Note: there was no nudity on Weeds this week.
The Hessen Affair
Hessen takes place in 1945-46, as the war in Europe is being replaced by
the Allied occupation. A group of corrupt
American officers stumbles upon a king's ransom in German jewels. They intend
to steal it, ship it to the States, and split the proceeds, but they soon
start scheming and conniving against each other until the game degenerates
into a bit of "last man standing" back in the States when the remaining
players compete against one another to unload the jewels on a big-shot
Some of the alliances between the schemers are kept a secret from the
audience, and the missing information renders what we can see somewhat
misleading. In the background, saxophones wail, and the main character
narrates with a 1940s tough guy voice. In the end, of course, all the curtains
are parted and the secrets revealed.
I'm sure you're already guessed that Hessen is an attempt to recreate the
atmosphere of 1940s noir movies. The film is a Belgian/Canadian co-production and was filmed in - surprise!
- Belgium and Canada, with the former standing in for Germany and the latter
playing the part of New York. At some 105 minutes, and with very little action
- no chases, no fights, etc - the optimal pacing for this film required the director and
editor to be a little slicker than they actually were. This was the first
feature film directed by Paul Bruels, and it showed. There were many
opportunities to create dramatic tension as some characters faced deadlines or
surprises and others sped to places where their arrival could have
significantly altered the plans of the characters we are meant to like. Those
situations could have and should have been real nail-biters, but the haphazard
editing managed to drain away most of the dramatic tension.
The film has other problems as well. As the two central characters, both
officers in the American army, Billy Zane seems like far too much of a latter
day hipster to be a 1940s Army colonel, and Lyne Renee doesn't sound like an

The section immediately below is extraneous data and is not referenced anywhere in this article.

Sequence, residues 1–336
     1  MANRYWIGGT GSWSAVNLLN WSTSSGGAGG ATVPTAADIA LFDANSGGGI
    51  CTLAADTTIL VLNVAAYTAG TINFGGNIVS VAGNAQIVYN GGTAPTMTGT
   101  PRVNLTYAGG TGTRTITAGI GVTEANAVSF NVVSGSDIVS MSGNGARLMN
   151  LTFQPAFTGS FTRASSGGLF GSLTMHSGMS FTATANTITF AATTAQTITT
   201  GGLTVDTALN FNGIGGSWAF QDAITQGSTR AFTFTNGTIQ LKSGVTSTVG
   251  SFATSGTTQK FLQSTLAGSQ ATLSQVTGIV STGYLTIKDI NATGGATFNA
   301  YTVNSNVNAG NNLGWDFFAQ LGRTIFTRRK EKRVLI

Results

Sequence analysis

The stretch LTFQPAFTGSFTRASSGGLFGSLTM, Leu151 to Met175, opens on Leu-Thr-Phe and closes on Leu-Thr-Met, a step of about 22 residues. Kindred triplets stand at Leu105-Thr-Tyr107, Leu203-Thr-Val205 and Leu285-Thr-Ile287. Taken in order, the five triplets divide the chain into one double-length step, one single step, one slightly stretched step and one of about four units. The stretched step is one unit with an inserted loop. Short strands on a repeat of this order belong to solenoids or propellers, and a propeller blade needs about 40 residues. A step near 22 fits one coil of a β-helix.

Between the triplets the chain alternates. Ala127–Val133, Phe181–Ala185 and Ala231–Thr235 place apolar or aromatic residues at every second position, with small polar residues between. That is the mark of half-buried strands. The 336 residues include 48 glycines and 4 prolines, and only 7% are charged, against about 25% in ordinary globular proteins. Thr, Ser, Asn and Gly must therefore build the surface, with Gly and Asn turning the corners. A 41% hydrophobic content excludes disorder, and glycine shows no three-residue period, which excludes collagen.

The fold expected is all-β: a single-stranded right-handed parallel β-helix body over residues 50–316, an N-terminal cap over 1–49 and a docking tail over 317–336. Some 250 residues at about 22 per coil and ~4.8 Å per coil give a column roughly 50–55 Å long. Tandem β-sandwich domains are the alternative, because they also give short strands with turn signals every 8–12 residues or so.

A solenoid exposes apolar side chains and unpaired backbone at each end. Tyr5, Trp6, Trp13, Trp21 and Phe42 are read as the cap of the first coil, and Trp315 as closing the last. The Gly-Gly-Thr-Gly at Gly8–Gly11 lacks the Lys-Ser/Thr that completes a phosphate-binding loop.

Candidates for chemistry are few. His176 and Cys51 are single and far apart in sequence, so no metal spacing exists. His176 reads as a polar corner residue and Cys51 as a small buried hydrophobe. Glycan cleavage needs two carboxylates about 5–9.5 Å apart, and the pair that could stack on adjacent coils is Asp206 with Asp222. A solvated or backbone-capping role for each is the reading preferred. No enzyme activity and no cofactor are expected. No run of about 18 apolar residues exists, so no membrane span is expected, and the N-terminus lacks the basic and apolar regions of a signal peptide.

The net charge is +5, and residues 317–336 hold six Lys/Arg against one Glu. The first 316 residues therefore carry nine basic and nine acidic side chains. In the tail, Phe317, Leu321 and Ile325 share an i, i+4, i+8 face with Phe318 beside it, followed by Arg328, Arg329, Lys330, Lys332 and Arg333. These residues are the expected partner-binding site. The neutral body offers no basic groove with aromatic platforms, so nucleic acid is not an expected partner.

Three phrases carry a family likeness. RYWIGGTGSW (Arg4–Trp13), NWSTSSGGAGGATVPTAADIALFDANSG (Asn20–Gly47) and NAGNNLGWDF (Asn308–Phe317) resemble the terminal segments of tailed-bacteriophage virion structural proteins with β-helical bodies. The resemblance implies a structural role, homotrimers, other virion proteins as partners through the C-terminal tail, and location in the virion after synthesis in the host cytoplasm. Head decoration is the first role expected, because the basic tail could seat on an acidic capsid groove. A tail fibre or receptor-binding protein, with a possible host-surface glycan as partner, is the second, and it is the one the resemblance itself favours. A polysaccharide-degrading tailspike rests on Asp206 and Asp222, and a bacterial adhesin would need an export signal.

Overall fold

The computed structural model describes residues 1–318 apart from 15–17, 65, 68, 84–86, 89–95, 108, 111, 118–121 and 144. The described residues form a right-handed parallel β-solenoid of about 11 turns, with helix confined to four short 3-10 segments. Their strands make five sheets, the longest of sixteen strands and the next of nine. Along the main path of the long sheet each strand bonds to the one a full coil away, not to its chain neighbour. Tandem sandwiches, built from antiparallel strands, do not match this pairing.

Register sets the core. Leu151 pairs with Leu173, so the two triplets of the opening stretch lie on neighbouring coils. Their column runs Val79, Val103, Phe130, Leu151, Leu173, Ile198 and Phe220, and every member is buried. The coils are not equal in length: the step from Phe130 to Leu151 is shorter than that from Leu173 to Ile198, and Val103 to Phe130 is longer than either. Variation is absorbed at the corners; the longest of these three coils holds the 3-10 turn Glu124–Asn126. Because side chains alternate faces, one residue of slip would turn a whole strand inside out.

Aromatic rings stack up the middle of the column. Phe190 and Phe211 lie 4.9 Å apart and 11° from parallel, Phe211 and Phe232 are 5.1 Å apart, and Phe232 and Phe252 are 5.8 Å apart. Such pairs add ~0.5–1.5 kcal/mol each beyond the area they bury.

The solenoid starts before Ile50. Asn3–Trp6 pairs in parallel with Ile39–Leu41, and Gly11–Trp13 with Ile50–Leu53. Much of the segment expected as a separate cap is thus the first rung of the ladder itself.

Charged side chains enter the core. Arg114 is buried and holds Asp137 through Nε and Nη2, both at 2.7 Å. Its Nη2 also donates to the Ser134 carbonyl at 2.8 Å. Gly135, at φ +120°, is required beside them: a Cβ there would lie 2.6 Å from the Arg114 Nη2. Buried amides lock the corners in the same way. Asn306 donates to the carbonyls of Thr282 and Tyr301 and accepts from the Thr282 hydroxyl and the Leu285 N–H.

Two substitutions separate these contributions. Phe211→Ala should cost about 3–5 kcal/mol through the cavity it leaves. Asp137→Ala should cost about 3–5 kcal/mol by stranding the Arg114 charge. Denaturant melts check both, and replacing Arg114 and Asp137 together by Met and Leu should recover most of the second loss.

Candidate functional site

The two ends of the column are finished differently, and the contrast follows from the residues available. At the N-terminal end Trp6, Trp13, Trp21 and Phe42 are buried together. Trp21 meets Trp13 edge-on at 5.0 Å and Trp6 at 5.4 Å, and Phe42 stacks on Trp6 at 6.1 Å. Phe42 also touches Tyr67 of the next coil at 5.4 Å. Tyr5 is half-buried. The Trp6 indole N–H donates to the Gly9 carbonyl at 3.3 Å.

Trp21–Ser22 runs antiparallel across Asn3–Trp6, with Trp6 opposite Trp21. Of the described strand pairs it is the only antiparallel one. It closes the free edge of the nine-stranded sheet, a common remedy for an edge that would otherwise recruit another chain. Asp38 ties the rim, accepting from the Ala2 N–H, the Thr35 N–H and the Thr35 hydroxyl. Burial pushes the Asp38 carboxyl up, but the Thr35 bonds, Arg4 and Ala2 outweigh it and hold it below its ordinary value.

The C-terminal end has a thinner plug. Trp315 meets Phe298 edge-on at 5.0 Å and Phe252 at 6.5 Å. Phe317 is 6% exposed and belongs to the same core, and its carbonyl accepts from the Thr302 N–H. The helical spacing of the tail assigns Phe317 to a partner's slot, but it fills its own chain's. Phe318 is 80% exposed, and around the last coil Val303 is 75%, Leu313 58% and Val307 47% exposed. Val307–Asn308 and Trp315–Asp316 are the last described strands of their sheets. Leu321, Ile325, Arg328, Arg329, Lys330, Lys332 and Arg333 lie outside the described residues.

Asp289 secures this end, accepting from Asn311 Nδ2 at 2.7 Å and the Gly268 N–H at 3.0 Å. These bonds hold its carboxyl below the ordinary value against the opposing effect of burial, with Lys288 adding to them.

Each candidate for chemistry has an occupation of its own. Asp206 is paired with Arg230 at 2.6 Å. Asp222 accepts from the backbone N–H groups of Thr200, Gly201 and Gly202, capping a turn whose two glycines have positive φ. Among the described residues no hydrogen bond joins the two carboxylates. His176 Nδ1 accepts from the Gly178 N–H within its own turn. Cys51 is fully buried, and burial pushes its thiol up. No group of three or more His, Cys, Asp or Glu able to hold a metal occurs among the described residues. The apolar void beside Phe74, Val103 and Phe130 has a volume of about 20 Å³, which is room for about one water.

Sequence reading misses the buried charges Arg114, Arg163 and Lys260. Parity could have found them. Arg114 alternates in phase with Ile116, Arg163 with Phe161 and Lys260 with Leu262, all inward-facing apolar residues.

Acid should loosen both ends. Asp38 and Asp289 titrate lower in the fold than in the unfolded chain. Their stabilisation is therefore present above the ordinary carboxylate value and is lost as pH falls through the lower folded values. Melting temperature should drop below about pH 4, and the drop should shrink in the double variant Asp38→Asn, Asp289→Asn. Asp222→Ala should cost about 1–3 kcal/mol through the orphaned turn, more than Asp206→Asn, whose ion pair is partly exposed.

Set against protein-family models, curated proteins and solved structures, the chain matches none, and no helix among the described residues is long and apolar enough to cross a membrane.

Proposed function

American at all, probably because she isn't. She's Flemish - real name Line
Van Wambeke. Gotta hire local. On the other hand, Lynne Renee is spectacularly
beautiful, whatever her real name may be, although her beauty is in the cold,
distant Jolie style.
What Hessen lacks in thrills and action, it makes up in elegance,
atmosphere, mystery, sexiness, and plot twists. The rookie director was helped
by the fact that one of the authors is an old Hollywood hand, Nicholas Meyer,
who wrote The Seven Percent Solution (Oscar nod) and several of the original
Star Trek films - all the even-numbered ones, which were the good
ones. Meyer used to be a pretty fair director as well (The Wrath of Khan;
Time After Time), and brought a lot of savvy to the project. The script was
even smart enough to insert a line about how the Lyne Renee character was born
in Belgium and moved to America, thus rationalizing her slight accent! And as
for Billy Zane - well, he may not seem like a wartime colonel, but he has a
fair measure of swagger and charisma, and that helped him bluff his way
through the credibility problems.
The bottom line is that I was aware of the negatives but mostly overlooked them
because I enjoyed The Hessen Affair in the moment. I was absorbed in the plot,
and never considered reaching for the remote. It's an entertaining little
guilty pleasure, and right on the top shelf by straight-to-DVD standards.
And there's some decent nudity as well:
luscious Lyne Renee
Vanessa Flammez, in a non-speaking part as a German hooker.